Anxiety is the most common of all the mental health disorders. Excessive, irrational fear and dread can severely restrict everyday life. The pharmaceutical industry is exploring how the brain works when affected by anxiety; from this will spring further innovative therapies.
Anxiety is the most common of all the mental health disorders. The prominent forms are generalised anxiety disorder, panic disorder, social anxiety disorder, and obsessive compulsive disorder. Each form has its own distinct features, but they are all bound together by a common theme of excessive, irrational fear and dread.
Generalised anxiety disorder is characterized by chronic and exaggerated worry and tension, even though nothing seems to provoke it. It is diagnosed when someone spends at least six months worried excessively about a number of everyday problems, such as excessive worries about health, money, family, or work. In general, people realise that their anxiety is more intense than the situation warrants. Usually the impairment is mild and people with the disorder neither feel too restricted in social settings, nor do they characteristically avoid certain situations. However, severe forms can be extremely debilitating, making it difﬁcult to carry out even ordinary daily activities.
People with panic disorder have feelings of terror that strike suddenly and repeatedlywith no warning. When a panic attack strikes, people report heart pounding, increased body sweat, weakness, fainting, or dizziness. While most attacks average a couple of minutes, occasionally they can last up to a quarter of an hour. Some people avoid everyday activities such as shopping and driving; basically, they develop a fear of open spaces and avoid any situation that would make them feel helpless in case of another panic attack. When life becomes so restricted, as happens in about 30 per cent of people with panic disorder, the condition is called “agoraphobia”, from the Greek words “agora”, which was the name of the great market place in the centre of ancient Athens, and “phobia” for fear.
Social anxiety disorder (or social phobia) involves marked, persistent and unreasonable fear of being observed or evaluated negatively by others in social performance or interaction situations. The disorder is associated with signiﬁcant suffering and increased suicidal thoughts. Up to 80 per cent of patients have forms of mental illness, mostly major depressive disorder, personality disorders and substance abuse. Until recently the symptoms of social anxiety disorder were overlooked or dismissed as normal personality traits equivalent to shyness.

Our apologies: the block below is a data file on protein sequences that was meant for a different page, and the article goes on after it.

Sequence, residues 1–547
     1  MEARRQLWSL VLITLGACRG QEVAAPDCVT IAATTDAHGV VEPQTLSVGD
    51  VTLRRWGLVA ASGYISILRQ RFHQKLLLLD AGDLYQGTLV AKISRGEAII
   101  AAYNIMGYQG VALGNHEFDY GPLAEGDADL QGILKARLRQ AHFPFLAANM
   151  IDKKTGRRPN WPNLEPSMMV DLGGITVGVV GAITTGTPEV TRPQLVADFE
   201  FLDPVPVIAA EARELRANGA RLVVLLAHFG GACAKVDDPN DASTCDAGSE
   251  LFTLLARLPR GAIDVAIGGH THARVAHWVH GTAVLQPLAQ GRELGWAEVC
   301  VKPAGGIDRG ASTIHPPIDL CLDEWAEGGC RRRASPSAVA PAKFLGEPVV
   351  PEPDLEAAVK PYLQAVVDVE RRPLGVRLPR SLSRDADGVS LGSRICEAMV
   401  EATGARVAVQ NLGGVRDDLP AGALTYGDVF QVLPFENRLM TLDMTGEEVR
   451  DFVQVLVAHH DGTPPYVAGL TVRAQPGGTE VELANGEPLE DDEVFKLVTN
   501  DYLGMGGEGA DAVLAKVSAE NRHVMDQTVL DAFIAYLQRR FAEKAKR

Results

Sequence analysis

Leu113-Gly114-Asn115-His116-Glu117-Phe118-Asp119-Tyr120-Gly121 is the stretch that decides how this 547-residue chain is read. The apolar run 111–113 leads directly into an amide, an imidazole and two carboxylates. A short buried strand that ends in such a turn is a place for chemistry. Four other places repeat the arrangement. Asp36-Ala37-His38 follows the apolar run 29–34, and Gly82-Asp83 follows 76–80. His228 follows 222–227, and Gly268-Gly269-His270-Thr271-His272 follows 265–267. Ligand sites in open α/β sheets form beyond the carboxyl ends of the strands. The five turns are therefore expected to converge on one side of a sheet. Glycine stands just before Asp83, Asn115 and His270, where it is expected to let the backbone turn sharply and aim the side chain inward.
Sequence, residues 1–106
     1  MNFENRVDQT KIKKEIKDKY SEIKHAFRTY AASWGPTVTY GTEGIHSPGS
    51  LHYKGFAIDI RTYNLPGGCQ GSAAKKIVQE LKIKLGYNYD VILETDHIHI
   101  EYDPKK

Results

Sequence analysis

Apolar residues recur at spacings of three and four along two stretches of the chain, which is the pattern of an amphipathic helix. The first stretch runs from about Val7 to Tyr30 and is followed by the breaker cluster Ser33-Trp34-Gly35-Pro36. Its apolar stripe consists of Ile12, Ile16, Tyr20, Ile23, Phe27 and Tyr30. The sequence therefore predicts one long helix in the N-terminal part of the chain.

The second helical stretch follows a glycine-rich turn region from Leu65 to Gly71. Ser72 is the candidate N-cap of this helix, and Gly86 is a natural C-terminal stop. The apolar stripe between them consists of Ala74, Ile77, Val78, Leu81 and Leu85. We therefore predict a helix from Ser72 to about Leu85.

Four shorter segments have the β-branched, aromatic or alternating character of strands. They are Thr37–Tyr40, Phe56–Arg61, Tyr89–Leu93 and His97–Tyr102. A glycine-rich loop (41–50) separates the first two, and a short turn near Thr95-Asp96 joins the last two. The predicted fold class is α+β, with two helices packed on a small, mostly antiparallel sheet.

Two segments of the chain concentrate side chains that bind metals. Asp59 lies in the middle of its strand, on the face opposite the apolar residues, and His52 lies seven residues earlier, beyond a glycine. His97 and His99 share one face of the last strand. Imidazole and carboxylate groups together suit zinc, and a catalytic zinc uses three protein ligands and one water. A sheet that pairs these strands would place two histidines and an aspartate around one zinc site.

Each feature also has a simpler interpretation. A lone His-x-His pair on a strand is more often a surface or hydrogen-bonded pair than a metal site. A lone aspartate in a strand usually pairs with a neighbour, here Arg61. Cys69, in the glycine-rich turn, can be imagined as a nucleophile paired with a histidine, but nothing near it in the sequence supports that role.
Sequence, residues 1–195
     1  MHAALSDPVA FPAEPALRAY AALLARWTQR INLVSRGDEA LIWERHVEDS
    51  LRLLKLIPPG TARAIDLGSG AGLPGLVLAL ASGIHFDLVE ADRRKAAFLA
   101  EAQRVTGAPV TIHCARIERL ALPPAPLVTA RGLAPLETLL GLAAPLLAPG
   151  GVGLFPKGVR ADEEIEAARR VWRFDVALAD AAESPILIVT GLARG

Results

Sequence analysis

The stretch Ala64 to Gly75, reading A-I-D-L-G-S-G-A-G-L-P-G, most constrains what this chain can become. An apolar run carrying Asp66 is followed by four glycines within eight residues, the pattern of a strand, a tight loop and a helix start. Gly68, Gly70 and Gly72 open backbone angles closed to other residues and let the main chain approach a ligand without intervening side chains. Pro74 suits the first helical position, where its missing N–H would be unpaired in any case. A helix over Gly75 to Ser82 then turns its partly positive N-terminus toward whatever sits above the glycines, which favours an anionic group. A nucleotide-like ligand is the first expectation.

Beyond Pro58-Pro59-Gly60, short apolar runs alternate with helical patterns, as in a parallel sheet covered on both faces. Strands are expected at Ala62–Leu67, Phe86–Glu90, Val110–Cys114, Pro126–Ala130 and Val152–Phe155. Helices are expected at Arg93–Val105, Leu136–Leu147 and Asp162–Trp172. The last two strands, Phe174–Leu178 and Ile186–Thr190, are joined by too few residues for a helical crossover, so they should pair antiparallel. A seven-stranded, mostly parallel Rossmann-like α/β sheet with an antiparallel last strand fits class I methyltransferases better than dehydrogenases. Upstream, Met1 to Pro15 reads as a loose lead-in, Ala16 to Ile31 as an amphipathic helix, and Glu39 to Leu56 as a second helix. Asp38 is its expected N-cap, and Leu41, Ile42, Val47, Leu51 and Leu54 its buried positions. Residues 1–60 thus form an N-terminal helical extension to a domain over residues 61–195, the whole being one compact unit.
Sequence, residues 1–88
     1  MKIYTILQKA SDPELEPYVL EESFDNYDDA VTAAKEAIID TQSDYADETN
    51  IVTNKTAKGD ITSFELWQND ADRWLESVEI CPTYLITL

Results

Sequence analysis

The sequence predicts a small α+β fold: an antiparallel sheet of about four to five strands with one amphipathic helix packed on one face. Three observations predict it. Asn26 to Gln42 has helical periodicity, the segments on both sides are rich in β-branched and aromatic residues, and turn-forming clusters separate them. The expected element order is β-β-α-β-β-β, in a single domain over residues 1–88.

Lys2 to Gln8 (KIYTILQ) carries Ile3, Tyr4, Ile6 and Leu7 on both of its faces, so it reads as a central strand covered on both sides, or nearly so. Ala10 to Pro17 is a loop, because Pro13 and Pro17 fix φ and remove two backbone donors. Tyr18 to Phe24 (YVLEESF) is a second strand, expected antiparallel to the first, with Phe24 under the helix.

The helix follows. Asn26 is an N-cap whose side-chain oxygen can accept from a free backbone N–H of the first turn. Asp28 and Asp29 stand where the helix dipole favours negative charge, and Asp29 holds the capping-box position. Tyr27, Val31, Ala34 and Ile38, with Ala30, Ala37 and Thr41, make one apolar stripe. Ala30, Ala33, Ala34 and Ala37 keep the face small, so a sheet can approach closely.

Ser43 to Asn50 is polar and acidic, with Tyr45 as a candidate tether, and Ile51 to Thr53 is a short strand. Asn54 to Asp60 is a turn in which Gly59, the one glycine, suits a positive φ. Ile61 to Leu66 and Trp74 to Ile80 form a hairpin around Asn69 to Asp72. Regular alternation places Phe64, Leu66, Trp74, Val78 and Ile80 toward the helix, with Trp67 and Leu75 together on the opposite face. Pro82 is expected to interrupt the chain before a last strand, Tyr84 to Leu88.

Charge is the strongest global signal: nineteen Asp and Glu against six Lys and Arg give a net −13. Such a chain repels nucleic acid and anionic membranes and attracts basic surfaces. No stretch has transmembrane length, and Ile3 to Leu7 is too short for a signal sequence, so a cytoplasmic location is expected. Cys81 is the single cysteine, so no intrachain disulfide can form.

People with obsessive-compulsive disorder are plagued by persistent, unwelcome thoughts, or by the urgent need to engage in certain rituals. They may be obsessed with germs or dirt and wash their hands over and over, or they may be ﬁlled with doubt and feel the need to check things repeatedly. The disturbing thoughts are called obsessions, and the rituals that are performed to try to get rid of them are called compulsions. Most adults with the condition recognise the senselessness of their behaviour, but they cannot stop it. The course of the disease is variable; symptoms may ease over time, or they can grow progressively worse.
The close correlation between depression and anxiety is one of the reasons for the large variations in the results of epidemiological anxiety studies. The number of patients who only suffer from anxiety was estimated at 30 million people in ﬁve major European markets in 2002. The lifetime risk of experiencing an anxiety disorder is approximately 20 per cent for men and approximately 30 per cent for women.
Generalised anxiety disorder comes on gradually and most often hits people in childhood or adolescence, but can begin in adulthood too. It is more common in women than in men and affects around three million people in Europe. Panic disorder affects some four million Europeans, and is twice as common in women as in men. It can appear at any age, but most often begins in young adults. Not everyone who experiences panic attacks will ﬁnally develop panic disorder. Social anxiety disorder affects about ﬁve million adult Europeans. Women and men are equally affected. The disorder usually begins in childhood or early adolescence, and there is some evidence that genetic factors are involved. The disorder often occurs alongside other forms of anxiety or depression. Obsessive-compulsive disorder afflicts about three million adults in Europe. It affects men and women in approximately equal numbers and usually ﬁrst appears in childhood, adolescence, or early adulthood.